By Madison Muller
After the wave of omicron this winter, there was hope that all those infections at least meant that the covid it would go unnoticed for a while and give us all a little break.
But it seems that might not be the case.
Once again, infections are steadily increasing in USA. Some people are getting COVID a second, third, or even fourth time. Being recently sick no longer seems to be a guarantee that one will be protected against COVID for an extended period of time. Studies have suggested that newer omicron subvariants may evade not only antibodies to earlier variants such as delta, but even antibodies to earlier versions of omicron.
“The reality is that things are really not going well at the moment”said Jake Lemeuxinfectious disease physician at Massachusetts General Hospitalat a Harvard Medical School COVID briefing on Tuesday. “We all thought we would have a break after the devastating omicron wave. And that was clearly the case until a few weeks ago.”.
There is much we don’t know about these reinfections, and the unknown makes it even more difficult to assess the status of the pandemic as a whole. It is not clear how often reinfections occur or with which variants people are reinfected. That just isn’t currently part of the COVID data collection of the Centers for Disease Control and Prevention. A handful of state health departments have been diligently monitoring repeat cases, but even they say reinfections are definitely undercounted.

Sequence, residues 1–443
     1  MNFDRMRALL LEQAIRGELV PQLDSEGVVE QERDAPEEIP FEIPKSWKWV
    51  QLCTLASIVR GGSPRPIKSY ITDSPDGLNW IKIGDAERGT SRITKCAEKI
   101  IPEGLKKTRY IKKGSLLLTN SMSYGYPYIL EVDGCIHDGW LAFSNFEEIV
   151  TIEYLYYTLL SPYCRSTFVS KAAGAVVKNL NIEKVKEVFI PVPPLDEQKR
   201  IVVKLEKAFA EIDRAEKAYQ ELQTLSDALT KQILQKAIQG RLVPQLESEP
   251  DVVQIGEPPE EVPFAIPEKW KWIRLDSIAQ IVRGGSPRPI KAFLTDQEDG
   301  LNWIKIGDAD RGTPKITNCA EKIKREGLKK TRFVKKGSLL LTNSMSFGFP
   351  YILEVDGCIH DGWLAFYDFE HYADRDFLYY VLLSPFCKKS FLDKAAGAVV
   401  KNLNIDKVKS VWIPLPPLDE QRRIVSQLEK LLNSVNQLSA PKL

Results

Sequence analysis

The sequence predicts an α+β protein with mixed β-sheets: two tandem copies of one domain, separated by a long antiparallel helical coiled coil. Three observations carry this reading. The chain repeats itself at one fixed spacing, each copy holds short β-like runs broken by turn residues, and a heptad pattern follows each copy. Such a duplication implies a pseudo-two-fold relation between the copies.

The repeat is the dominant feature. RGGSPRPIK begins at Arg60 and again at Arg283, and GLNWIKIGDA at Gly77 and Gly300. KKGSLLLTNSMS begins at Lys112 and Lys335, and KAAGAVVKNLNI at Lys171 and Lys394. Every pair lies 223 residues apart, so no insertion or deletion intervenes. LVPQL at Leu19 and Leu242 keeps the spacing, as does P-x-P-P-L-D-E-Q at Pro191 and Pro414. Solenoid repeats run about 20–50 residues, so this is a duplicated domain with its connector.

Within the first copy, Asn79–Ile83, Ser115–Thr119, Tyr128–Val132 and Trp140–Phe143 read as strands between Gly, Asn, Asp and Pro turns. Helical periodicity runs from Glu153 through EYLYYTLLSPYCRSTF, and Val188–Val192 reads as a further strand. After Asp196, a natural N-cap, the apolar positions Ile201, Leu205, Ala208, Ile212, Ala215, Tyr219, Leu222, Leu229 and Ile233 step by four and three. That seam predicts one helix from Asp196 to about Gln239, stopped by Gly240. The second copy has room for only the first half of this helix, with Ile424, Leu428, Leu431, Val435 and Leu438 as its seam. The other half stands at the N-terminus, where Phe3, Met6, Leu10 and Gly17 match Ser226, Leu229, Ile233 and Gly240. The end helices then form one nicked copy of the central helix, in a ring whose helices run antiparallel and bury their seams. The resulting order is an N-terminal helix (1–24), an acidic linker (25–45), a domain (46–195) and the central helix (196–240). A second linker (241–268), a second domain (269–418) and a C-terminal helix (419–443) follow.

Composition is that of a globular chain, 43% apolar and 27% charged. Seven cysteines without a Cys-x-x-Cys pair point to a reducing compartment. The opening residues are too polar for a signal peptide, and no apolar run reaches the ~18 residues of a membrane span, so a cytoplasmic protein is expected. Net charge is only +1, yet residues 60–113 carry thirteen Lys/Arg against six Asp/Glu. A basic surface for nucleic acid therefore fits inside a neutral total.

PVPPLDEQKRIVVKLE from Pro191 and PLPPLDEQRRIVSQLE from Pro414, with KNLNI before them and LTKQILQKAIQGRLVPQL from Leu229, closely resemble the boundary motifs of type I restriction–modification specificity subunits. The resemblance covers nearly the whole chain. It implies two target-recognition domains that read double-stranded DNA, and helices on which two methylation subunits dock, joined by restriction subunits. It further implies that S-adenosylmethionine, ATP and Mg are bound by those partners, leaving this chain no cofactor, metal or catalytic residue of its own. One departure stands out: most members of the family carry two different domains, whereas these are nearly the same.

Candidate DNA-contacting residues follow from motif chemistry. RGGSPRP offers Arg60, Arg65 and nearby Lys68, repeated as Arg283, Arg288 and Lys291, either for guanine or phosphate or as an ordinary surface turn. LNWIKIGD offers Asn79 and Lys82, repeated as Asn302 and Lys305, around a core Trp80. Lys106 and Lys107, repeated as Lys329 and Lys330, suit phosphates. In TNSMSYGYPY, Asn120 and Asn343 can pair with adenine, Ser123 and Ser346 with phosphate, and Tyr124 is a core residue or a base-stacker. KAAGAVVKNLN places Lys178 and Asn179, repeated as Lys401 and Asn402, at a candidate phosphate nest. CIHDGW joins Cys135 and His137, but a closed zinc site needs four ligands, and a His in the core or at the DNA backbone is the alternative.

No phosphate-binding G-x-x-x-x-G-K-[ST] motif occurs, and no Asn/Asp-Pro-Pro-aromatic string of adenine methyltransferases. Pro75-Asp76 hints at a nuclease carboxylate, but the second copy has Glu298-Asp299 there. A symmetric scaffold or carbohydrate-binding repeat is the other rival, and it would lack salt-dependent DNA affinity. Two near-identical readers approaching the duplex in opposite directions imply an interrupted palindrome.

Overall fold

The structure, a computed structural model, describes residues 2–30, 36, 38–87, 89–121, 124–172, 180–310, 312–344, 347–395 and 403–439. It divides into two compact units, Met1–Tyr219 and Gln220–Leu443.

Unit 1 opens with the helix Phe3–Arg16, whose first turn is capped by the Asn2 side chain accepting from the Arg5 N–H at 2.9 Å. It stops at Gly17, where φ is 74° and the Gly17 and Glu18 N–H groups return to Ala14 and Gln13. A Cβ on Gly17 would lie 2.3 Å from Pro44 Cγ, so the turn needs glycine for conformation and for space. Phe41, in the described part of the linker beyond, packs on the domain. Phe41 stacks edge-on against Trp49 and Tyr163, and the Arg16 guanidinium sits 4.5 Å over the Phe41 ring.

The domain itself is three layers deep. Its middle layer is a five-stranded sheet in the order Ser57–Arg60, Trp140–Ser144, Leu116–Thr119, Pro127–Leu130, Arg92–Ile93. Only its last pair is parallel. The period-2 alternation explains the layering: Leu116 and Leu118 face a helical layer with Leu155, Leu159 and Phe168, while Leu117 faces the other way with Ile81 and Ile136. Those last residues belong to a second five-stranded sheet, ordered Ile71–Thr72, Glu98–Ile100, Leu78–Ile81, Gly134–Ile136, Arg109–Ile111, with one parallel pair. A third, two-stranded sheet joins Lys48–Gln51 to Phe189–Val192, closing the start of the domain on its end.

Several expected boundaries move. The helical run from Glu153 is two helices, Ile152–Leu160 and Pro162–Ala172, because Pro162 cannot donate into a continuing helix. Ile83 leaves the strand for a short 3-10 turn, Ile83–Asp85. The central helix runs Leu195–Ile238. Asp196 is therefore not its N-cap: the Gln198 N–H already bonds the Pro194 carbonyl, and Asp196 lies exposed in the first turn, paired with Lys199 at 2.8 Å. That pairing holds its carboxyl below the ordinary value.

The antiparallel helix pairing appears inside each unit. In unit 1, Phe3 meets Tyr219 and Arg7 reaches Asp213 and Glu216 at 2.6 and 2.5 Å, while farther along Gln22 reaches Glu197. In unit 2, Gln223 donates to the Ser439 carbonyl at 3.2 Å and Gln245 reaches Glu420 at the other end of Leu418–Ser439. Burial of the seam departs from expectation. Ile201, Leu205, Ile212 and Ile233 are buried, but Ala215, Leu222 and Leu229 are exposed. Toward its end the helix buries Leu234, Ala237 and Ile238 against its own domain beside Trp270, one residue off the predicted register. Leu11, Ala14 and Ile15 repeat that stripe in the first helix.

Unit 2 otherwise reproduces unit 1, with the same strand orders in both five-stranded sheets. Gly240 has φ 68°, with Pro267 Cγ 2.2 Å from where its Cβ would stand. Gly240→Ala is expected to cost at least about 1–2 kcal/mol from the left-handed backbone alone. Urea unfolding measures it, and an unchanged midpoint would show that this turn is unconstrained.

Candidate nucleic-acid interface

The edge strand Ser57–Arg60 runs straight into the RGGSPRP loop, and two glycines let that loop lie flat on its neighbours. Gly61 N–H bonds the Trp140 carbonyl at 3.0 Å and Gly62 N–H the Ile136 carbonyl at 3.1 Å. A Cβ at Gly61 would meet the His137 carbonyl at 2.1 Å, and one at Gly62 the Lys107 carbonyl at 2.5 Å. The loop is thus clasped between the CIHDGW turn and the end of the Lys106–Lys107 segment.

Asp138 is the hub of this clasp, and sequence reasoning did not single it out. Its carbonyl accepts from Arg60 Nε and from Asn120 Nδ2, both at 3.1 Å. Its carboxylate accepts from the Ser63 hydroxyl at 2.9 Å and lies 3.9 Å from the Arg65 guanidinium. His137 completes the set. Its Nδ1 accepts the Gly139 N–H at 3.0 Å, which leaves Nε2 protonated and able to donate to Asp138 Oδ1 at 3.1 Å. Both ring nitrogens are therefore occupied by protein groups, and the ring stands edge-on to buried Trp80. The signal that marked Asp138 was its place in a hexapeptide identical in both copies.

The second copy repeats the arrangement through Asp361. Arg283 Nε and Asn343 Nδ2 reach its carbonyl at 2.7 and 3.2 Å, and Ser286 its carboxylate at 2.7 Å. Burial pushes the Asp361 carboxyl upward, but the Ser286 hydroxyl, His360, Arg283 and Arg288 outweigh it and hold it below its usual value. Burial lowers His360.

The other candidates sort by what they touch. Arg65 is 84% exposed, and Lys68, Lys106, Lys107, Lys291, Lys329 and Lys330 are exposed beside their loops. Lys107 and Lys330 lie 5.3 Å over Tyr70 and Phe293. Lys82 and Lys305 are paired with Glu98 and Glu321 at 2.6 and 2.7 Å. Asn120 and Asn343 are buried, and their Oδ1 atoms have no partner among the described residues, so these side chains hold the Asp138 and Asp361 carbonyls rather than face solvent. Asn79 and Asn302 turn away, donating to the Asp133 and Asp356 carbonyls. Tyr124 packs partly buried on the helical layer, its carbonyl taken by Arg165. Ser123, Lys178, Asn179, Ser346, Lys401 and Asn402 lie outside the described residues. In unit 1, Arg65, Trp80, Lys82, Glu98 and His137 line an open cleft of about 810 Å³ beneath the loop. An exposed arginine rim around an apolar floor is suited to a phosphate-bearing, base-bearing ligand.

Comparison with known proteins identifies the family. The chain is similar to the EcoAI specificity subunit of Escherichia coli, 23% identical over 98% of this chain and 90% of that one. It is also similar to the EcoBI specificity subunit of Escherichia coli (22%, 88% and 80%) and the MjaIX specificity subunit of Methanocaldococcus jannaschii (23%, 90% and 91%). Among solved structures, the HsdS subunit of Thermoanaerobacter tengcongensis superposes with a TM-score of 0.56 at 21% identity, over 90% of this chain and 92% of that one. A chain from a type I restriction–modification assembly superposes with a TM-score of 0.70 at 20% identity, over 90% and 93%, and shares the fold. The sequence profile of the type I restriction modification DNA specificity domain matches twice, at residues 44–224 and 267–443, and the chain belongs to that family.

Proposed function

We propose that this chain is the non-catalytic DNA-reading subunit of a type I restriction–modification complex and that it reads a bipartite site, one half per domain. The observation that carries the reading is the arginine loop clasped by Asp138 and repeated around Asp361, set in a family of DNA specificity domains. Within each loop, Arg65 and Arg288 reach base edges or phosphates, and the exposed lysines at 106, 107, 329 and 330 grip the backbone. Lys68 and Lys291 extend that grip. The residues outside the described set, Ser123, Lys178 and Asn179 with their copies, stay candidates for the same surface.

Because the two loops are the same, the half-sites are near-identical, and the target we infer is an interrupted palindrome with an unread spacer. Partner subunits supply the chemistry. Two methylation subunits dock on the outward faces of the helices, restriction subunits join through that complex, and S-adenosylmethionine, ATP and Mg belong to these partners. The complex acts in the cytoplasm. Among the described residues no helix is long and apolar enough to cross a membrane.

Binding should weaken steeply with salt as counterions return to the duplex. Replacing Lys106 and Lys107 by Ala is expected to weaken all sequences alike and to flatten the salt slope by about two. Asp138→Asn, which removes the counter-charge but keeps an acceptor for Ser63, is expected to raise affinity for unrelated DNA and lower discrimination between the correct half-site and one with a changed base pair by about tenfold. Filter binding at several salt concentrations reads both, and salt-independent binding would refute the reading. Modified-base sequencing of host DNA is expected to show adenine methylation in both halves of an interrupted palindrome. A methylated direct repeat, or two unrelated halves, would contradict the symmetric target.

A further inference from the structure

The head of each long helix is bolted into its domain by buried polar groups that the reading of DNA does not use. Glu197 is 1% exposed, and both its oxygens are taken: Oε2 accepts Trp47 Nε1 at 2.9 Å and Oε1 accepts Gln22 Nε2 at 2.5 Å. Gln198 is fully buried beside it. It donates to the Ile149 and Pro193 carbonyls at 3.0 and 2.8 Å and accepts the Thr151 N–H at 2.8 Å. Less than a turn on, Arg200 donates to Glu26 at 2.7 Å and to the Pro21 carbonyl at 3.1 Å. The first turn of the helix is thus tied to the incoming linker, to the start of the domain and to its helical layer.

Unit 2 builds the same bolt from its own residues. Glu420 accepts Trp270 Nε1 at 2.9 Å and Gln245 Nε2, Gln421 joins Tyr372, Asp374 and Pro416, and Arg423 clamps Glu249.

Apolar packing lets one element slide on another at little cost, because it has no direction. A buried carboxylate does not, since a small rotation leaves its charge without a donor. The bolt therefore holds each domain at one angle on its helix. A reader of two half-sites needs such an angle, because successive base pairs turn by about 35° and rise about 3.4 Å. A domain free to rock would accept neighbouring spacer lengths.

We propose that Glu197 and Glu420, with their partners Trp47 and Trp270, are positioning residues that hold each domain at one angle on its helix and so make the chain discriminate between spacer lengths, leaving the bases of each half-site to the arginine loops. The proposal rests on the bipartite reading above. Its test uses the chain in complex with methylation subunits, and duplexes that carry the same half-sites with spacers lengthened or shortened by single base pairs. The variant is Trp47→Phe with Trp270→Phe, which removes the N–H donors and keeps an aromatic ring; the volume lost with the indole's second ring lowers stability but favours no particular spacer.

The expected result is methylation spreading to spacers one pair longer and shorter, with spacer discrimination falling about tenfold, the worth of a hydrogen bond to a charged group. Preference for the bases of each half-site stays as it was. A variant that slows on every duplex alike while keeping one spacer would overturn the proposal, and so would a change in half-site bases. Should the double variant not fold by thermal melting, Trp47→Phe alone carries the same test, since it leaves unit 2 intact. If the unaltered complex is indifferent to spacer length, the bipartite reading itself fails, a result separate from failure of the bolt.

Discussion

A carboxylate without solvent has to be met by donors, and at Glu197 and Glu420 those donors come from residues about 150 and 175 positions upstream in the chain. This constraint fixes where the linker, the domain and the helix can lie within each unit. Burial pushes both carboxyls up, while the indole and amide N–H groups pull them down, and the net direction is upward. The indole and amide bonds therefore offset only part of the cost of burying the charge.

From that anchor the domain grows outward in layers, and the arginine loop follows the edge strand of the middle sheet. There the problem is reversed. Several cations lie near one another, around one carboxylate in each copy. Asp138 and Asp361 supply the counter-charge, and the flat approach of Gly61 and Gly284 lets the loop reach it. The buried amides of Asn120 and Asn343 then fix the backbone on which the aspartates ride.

Still, their data highlights something important.: Reinfections are becoming more and more common.
The Health Department The state of Colorado, for example, has recorded more than 44,000 reinfections during the pandemic, 82% of which have occurred since omicron became the dominant variant in December. Reinfections are more common among the unvaccinated, but more than a third have arisen in people who completed their initial two-dose vaccination series, according to the data. More than 16% of reinfections in Colorado have been in people with at least one booster dose.
A report from Washington state released Wednesday shows that some reinfections are also leading to hospitalizations. The age group most likely to be reinfected is 18 to 34 years old, but people 65 and older are more likely to be hospitalized after reinfection, the data show.